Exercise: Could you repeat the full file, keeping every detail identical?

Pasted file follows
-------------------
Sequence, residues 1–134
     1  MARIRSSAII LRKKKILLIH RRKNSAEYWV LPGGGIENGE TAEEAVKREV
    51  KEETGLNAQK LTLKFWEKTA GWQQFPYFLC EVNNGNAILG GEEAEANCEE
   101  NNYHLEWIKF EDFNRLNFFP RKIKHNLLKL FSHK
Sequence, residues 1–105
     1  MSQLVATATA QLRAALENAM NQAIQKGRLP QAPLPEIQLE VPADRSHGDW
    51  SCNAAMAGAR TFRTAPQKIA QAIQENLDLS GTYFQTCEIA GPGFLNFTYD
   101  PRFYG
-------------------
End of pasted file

Sequence, residues 1–134
     1  MARIRSSAII LRKKKILLIH RRKNSAEYWV LPGGGIENGE TAEEAVKREV
    51  KEETGLNAQK LTLKFWEKTA GWQQFPYFLC EVNNGNAILG GEEAEANCEE
   101  NNYHLEWIKF EDFNRLNFFP RKIKHNLLKL FSHK
Sequence, residues 1–105
     1  MSQLVATATA QLRAALENAM NQAIQKGRLP QAPLPEIQLE VPADRSHGDW
    51  SCNAAMAGAR TFRTAPQKIA QAIQENLDLS GTYFQTCEIA GPGFLNFTYD
   101  PRFYG